New study published: Comparing consumed portion sizes of energy dense foods with their on-pack serving sizes
In the last 20 years UK guidance on portion size has not been updated, despite larger portion sizes being consumed. A recent study, led by the Nutritional Epidemiology Group at the University of Leeds funded by the World Health Organisation, looked at the differences between suggested serving-sizes displayed on-pack and consumed portion sizes for energy-dense snack foods.
Product information for 13,313 energy-dense snack food products from 6 major UK retailers and manufacturers was used to determine pack-size and serving-size. These data were then compared to the consumed portion size for corresponding foods using data from the UK National Diet and Nutrition Survey (NDNS)*.
(Note: in this article pack-size refers to the weight for the entire pack. Serving-size refers to the weight shown on-pack as the suggested amount to consume per person on one occasion.)
Food items were split into 4 main groups: ‘Cakes’, ‘Biscuits’, ‘Chocolate’ and ‘Crisps’; within each group, foods were organised into subgroups e.g. within the main food group ‘Cakes’ there were 15 subgroups including: ‘Pastries’, ‘Fruit Pie’ and Doughnut’. ‘Biscuits’ contained 10 subgroups, ‘Chocolate’ was made up of 12 subgroups and ‘Crisps’ entailed 8 subgroups.
Consumed portion-size from the NDNS
The group with the highest mean consumed portion size was ‘Cakes’ (71g) and within this, ‘Pastries’ (106g), ‘Fruit Pie (inc mince)’ (96g), ‘Doughnut’ (76g) and ‘Eclairs’ (76g) had the highest mean consumed portion size. For ‘Crisps’, ‘Chocolate’ and ‘Biscuits’ the mean consumed portion sizes were: 45g, 40g and 33g, respectively.
Many of the products analysed by this study (43%) did not have on-pack serving-size information, demonstrating the large number of energy-dense items that do not offer this guidance to consumers. This was particularly lacking in ‘Chocolate’ products, where only 35% products showed this information compared to 79%, 77% and 50% ‘Crisps’, ‘Cakes’, and ‘Biscuits’ products, respectively. For those products that did show on-pack serving size, the range varied greatly and was most pronounced within ‘Biscuits’.
The large number of products not displaying guidance on serving-size is particularly worrying; consumers may instead turn to the pack-size as a guide for unit of consumption, potentially leading to excess energy intake. However, the solution is complex; reducing the pack-size of food items to limit consumed portion size may instead push consumers into eating multiple items to compensate for the smaller size, thereby increasing intakes further.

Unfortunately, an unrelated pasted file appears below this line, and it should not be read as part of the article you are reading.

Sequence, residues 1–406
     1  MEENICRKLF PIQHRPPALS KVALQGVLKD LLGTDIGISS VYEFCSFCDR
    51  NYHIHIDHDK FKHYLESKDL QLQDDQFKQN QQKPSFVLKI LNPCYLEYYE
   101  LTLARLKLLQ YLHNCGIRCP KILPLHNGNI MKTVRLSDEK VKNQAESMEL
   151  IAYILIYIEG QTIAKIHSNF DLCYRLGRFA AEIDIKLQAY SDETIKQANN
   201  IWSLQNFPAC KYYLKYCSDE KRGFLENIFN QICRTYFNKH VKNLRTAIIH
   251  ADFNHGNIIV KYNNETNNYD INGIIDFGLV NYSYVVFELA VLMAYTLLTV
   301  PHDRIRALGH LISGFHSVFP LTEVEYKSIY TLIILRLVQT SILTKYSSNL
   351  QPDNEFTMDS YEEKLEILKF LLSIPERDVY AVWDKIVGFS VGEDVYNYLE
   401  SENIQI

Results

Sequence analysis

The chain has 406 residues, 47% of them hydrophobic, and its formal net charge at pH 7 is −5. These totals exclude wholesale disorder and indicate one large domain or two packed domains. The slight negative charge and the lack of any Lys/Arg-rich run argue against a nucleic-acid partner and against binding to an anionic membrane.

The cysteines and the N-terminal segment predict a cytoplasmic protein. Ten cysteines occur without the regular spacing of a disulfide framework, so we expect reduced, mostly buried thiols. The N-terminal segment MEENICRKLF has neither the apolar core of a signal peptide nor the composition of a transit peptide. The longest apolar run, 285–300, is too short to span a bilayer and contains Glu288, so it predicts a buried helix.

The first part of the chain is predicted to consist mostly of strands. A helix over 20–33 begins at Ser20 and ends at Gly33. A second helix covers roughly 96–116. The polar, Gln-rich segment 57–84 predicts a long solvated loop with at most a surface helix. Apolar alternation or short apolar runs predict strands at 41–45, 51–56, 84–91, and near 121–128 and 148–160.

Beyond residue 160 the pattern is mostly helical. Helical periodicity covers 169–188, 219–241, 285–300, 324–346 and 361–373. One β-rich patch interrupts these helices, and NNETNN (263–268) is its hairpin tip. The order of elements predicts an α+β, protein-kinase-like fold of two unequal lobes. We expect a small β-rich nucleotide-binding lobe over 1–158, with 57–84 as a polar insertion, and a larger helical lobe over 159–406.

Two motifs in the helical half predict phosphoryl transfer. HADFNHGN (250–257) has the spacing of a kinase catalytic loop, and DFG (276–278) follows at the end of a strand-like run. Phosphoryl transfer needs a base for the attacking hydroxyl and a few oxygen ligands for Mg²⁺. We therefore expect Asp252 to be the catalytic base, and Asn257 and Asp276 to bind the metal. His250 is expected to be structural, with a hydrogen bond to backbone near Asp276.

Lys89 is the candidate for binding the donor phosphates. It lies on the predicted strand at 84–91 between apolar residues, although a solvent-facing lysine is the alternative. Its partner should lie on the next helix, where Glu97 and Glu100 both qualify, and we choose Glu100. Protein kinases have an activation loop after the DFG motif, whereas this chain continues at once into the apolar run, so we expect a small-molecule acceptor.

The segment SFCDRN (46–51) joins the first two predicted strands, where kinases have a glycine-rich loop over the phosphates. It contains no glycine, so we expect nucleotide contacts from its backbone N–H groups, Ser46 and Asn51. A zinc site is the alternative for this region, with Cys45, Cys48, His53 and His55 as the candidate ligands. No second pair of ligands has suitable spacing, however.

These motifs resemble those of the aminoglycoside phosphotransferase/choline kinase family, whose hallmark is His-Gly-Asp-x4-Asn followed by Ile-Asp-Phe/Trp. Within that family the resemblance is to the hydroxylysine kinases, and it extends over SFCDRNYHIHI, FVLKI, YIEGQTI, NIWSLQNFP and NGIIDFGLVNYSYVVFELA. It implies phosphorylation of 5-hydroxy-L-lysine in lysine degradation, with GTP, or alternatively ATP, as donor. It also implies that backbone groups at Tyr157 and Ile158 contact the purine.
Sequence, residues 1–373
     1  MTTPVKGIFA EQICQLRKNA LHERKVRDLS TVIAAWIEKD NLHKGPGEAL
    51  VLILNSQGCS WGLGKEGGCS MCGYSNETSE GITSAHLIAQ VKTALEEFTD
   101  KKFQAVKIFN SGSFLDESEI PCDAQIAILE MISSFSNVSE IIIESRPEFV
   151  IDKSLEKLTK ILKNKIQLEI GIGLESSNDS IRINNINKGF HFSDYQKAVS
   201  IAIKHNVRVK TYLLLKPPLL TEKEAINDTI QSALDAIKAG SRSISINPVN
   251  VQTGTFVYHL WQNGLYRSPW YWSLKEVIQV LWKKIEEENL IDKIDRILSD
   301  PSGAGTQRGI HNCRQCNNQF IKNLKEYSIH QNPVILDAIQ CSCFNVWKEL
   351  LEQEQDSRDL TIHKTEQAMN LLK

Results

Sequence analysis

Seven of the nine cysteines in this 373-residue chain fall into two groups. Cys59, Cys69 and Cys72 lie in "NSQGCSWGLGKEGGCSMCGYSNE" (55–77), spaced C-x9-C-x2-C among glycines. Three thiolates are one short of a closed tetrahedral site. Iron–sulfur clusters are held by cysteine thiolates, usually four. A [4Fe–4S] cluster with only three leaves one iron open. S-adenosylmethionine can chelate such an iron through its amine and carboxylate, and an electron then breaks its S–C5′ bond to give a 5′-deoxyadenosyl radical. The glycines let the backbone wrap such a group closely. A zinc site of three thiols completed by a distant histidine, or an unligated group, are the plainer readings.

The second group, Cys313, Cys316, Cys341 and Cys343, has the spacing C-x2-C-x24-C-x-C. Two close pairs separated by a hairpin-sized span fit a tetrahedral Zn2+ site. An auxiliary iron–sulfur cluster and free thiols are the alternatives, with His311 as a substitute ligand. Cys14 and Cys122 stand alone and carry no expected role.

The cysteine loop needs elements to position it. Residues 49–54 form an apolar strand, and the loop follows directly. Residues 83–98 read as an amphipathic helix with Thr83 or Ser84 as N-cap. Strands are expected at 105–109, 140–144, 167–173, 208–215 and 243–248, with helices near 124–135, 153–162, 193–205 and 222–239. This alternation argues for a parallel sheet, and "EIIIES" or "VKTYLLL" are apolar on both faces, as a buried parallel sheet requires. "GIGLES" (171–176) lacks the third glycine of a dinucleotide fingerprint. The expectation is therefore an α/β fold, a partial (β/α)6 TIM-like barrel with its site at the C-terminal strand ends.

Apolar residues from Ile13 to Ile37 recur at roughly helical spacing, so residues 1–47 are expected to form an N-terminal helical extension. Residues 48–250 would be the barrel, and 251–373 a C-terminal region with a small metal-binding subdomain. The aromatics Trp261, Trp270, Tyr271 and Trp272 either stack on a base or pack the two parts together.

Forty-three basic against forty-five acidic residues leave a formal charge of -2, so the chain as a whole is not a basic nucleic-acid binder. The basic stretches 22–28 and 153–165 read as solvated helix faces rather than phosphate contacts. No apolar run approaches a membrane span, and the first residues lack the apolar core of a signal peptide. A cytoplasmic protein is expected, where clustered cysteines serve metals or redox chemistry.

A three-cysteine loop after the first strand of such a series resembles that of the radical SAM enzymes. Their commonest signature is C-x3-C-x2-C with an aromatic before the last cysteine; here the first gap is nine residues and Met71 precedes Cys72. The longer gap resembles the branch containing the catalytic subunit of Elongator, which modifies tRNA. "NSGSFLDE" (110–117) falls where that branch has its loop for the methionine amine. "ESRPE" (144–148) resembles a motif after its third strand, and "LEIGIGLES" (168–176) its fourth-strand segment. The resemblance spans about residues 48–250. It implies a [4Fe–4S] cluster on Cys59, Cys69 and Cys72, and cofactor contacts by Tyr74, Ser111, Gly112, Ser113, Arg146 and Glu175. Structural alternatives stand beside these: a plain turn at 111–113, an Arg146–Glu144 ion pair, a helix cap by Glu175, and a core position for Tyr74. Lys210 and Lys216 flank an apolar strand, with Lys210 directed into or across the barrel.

Consumed portion-size vs. on-pack serving-size
The study found that for ‘Crisps’ the mean consumed portion-size was 44% larger than the mean on-pack serving size, equating to an extra 69kcal, 3.8g fat and 0.2 g salt per serving. Within ‘Crisps’, ‘Popcorn’ had the largest difference between consumed portion size and on-pack serving size (151% greater), adding an extra 240kcal, 11g sugar, 10.2g fat and 0.48g salt per serving. For ‘Biscuits’, ‘Chocolate’ and ‘Cakes’ the mean consumed portion-size was 27%, 26% and 16% larger than the mean on-pack serving size, respectively.
Interestingly the group ‘Crisps’ had the highest percentage of products displaying on-pack serving-size (79%) yet, this was also the group that had the largest difference between on-pack serving size and consumed portion-size. This could be explained by crisps often being sold in multipacks and larger ‘sharer’ packs, giving greater opportunity for over-consumption, the ‘sharer’ packs also often offer little practical serving size guidance.
The front-of-pack labelling system currently encouraged in the UK displays nutrient information per serve. However, this study highlights that on-pack serving size is not representative of what individuals actually consume, perhaps leading to consumers to underestimate their nutritional intake. There is a fine balance to be struck in creating realistic, consistent serving-size guidance without encouraging consumers to eat larger portions or multiple units, particularly as consumers may not be using on-pack serving-sizes to guide their intake.
It’s clear that this is a deeply complex matter that needs to be considered from multiple angles in order to prevent further overconsumption.
This study provides a meaningful assessment of consumed portion size patterns in relation to on-pack serving sizes and could be used to help build policy and updated portion size guidance to support a healthy food and drink environment.
“This research shows the importance of providing on-pack serving size information that people can use to guide appropriate portion sizes. We need more information and a coherent policy focus to optimise on-pack serving sizes in all product categories to help individuals consume smaller portions.” – Holly Rippin, University of Leeds – lead author of the study.
(Note: *On-pack serving size information was taken from data obtained in 2013. Consumed portion size information was taken from the National Diet and Nutrition Survey Rolling Programme years 1-6 (2008-2014).)
Results of this study have been published and can be accessed here: https://authors.elsevier.com/a/1YMB6iVKTPSLL
For more information on the study please contact the corresponding author: Holly Rippin firstname.lastname@example.org